“What makes us stand out is Tim’s ability to buy really great lumber, nice and clean white hard maples,” Mary Jo says.

There’s a scene from the great sitcom The Office where a pair of Dunder Mifflin salesmen make a sale by convincing a customer that, although they may be smaller than their competitors, their size allows them to provide top-shelf customer service. While Harris Hardwoods isn’t remotely like Dunder Mifflin, they subscribe to the same approach of putting customers first.

“We like to have that personal contact,” Mary Jo says. “I think that was a good part of our success early on; we had closeness to the customer.”

Playing with the BIG BOYS

Harris Hardwoods was humming along nicely servicing the needs of one-man cabinet-making shops. They grew, thanks to Tim’s industry knowledge and network of potential clients. Mary Jo took on a leadership role, they hired more workers, and they built a true production facility on their Foreston property.

Eventually, though, the area’s number of smaller cabinet makers started to dry up, falling prey to bigger competitors. But by then, Harris Hardwoods had figured out their next move.

“That world just kind of died,” Mary Jo says. “It just disappeared. It was like you either grew and developed or you died. And that’s what happened to a lot of those small cabinet shops. They just disappeared.”

As the Harrises watched the demise of the small cabinet maker, they connected with a third-party distributor who could introduce them to customers who deal in larger volumes. This way, they could compete with the likes of Woodcraft Industries, St. Croix Valley Hardwoods, and Indiana Dimension, among others.

“It opened the doors to a lot of opportunities,” Mary Jo says. “They were able to get us in the door, as we say, playing with the big dogs.”

Before connecting with that third-party distributor, the Harrises tested the “big dog” market without much luck. The distributor gave them credibility. They no longer had to convince larger cabinet companies that they could handle large-volume orders.

Working with that distributor allowed them to grow. And as Harris Hardwoods grew, they used their profits to expand, to upgrade equipment, and to train employees.

They recruited Steve Haarstad, a business growth consultant with Enterprise Minnesota, to help prepare a strategic gameplan for growth. According to Haarstad, Harris Hardwoods had already done a great deal to help themselves before he arrived on the scene.

The company had adopted the tenets of the Traction company’s Entrepreneurial Operating System (EOS), a holistic approach to leadership and management that stresses vision, execution of a vision-centered strategic plan, and top-level attention to the needs of the entire team.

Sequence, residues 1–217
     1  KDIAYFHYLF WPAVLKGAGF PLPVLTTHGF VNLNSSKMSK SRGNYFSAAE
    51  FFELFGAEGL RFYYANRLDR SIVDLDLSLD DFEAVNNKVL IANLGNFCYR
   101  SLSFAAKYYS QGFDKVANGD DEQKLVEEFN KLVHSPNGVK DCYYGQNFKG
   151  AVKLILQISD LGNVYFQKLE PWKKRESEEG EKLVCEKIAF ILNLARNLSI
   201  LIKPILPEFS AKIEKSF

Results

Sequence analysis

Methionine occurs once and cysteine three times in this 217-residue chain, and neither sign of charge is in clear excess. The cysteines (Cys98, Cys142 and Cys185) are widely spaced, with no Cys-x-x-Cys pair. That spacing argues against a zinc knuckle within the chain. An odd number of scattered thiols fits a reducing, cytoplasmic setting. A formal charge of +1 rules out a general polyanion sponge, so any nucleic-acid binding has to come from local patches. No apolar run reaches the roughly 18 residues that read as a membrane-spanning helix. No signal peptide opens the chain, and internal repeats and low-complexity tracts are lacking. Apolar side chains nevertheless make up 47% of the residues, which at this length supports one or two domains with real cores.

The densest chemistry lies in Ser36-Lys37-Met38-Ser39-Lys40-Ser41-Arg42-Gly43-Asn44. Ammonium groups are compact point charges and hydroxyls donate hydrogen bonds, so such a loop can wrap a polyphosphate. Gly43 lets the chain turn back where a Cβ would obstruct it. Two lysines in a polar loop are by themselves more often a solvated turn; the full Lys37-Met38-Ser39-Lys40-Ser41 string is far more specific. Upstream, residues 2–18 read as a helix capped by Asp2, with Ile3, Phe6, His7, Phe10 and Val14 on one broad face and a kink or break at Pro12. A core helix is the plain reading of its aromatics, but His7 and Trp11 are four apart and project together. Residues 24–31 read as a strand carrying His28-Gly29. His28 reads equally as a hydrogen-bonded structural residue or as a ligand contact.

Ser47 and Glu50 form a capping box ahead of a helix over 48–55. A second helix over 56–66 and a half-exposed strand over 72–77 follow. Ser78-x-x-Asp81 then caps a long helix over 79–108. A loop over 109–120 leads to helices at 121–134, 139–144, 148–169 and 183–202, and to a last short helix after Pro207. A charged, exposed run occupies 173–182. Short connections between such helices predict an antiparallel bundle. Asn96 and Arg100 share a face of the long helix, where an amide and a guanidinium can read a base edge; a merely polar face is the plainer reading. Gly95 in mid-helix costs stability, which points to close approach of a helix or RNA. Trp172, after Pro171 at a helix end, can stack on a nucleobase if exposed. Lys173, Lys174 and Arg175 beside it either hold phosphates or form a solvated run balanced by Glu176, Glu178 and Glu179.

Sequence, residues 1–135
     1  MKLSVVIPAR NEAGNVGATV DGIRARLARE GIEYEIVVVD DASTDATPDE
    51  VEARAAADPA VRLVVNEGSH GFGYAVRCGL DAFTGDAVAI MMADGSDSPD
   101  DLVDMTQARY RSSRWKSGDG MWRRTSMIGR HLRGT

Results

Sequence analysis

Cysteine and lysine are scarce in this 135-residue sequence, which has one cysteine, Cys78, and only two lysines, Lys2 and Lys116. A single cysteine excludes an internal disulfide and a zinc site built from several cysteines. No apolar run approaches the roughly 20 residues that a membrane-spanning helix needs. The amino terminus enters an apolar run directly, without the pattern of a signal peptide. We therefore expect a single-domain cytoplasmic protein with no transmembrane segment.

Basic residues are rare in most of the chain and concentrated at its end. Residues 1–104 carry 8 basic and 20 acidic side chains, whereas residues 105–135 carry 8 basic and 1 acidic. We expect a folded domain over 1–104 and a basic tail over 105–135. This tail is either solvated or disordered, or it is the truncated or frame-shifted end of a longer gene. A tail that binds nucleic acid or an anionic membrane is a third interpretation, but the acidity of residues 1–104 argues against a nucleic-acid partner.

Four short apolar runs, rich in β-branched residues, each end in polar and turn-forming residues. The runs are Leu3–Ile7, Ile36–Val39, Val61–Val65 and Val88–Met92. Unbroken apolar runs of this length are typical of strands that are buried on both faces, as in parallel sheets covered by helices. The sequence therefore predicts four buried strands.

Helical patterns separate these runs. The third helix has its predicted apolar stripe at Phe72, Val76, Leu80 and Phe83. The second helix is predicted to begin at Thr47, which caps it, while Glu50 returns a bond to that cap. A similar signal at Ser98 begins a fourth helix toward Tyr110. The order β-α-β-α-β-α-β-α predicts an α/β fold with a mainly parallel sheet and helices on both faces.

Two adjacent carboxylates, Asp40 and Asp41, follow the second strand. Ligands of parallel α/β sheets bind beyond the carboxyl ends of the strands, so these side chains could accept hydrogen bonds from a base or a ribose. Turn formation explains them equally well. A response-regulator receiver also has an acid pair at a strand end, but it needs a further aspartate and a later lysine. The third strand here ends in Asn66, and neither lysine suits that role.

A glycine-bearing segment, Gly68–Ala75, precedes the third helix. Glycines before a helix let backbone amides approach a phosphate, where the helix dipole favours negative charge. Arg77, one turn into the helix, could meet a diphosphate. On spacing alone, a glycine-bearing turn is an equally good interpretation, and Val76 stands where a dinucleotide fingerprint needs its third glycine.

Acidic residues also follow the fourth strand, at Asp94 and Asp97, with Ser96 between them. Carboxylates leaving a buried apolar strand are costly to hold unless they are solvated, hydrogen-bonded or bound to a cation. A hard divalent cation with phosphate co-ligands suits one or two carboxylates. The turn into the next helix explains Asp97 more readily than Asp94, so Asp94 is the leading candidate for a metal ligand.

Still, the Harrises felt their management structure needed further assessment and attention.

“I think they felt like, even though they were utilizing this system, they weren’t getting ‘traction,’” Haarstad says. “They were having trouble making the system trickle down into the organization.”

Finalizing a stack of finished lumber at Harris Hardwoods

Haarstad helped the Harrises get their leadership team aligned with their vision for the company by identifying and communicating the company’s core values.

“We helped them as owners get clarity on what the business was and where they were trying to take it,” Haarstad says. “After they were grounded in that, we could bring in the rest of the team and make adjustments based on their input.”

Those initial discussions persuaded both the Harrises and Haarstad that change was necessary to implement Tim and Mary Jo’s vision for the company, such as bringing new people into the management fold who shared that vision.

According to Haarstad, recognizing obstacles to growth is the key to beginning the process of moving beyond the kind of plateaus that vex so many businesses.

“If business is growing, over time it will reach these plateaus — with the tools you have, the equipment, the systems, the process, the people, the experience, you can grow to a certain level. And then you start to just kind of tap out. You reach the extent to which those things can get you to where you are,” Haarstad says. “In order to then start growing again and move toward the next plateau, something has to change.”